KING: So it's possible that -- not possible, probable, Mira, that someone brought a product today in a store that was made or involved in the making by a slave?

SORVINO: Yes, well, I was sort of horrified to learn recently that a lot of the pig iron that is mined in South America is used in our bathtubs. You know, some of the largest bathtub makers use pig iron that's smelted in slave mine areas.

KING: Do they know that?

SORVINO: So you're taking a bath in a product that was built --

KING: But do they know that? Does the manufacturer know that?

SORVINO: I would think they probably know that. I think at a certain point, at a certain point, if they are -- it's just like the oil spill. You know, at a certain point someone along the chain knows it. Whether they've made it a priority is another question.

SKINNER: If they don't know it, they should know it, and consumers should know it. And that's what this bill does, it empowers consumers. And by the way, just before we came on air, I spoke with Caroline Maloney's office. This is Congresswoman Maloney. And she is planning a federal piece of legislation that mirrors this, that gives consumers the tools to decide not to buy slave made products.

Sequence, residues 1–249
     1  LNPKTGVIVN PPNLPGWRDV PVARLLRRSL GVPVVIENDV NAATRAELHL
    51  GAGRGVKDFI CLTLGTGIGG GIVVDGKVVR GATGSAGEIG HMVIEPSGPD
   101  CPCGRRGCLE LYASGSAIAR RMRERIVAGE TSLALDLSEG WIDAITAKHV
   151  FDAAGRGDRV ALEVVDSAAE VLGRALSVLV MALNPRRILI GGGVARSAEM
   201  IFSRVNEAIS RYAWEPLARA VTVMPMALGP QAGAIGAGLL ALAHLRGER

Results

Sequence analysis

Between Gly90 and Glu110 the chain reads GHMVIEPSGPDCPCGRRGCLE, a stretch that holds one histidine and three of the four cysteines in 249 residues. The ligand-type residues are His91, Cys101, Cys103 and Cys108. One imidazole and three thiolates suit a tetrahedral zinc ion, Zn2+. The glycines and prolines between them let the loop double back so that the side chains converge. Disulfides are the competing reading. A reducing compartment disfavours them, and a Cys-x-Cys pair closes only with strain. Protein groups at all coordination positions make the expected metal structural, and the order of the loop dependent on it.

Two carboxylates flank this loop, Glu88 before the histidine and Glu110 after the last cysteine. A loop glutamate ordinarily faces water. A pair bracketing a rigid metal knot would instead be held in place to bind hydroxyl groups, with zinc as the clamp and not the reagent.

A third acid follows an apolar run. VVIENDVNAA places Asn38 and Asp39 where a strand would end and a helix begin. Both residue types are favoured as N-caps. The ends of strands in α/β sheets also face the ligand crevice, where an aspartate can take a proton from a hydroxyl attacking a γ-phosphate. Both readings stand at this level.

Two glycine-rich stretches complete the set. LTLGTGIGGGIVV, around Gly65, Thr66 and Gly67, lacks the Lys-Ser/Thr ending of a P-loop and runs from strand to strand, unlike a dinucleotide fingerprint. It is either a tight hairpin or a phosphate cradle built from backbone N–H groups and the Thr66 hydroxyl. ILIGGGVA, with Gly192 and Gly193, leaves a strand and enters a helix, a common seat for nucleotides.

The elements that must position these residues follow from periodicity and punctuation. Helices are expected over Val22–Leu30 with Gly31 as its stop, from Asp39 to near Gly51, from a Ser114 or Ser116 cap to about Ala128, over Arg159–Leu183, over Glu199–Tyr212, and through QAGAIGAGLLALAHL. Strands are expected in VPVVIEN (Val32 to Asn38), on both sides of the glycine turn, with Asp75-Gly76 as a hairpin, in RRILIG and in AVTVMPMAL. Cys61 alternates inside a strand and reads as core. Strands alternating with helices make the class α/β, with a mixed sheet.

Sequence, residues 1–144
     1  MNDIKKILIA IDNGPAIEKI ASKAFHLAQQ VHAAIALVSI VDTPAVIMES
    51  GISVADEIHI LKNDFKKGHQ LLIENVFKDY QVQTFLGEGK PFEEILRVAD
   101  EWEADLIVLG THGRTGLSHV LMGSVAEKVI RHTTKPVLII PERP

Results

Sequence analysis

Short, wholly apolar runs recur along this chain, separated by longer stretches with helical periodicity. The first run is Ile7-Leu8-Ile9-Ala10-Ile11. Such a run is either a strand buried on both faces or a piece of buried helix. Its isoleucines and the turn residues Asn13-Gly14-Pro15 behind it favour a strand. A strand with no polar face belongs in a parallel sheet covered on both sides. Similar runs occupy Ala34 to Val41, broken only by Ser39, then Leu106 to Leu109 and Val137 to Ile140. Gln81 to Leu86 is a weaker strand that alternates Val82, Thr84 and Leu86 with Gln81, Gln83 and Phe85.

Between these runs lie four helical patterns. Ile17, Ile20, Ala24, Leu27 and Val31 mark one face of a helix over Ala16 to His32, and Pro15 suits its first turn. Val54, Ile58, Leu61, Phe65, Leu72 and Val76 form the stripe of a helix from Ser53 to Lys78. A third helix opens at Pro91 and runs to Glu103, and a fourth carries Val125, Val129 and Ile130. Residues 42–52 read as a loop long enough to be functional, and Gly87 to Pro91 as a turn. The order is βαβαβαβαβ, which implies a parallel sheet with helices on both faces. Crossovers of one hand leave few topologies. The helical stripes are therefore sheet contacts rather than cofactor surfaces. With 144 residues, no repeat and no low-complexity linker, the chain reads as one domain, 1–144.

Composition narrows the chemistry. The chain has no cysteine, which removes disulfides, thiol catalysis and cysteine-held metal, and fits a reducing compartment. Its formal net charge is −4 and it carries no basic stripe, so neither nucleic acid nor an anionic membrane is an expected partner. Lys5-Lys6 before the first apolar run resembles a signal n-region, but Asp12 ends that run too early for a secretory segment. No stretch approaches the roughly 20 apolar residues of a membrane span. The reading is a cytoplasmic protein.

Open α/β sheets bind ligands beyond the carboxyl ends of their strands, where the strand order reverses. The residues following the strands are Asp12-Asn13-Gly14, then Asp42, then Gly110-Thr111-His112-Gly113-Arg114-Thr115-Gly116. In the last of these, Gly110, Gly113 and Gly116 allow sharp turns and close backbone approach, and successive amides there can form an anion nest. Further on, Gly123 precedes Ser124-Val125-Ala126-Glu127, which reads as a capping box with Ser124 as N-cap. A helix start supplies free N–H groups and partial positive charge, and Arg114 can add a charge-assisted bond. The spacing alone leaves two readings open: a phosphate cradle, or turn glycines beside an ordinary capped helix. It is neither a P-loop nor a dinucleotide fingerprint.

ORMOND: I think one of the things I've seen is that it's a little more complicated than that. It's not a -- it's not so much for the company function of knowing, it's the function of the company saying, well, we don't control it. And what we have said with the bill is OK, some of you say you don't control all of it, some of you are prepared to use your influence. We want to engage the consumer by disclosing the policy that the companies have, because I believe the consumer will say, I want to buy the product of the company that's doing the right thing and growing best practices.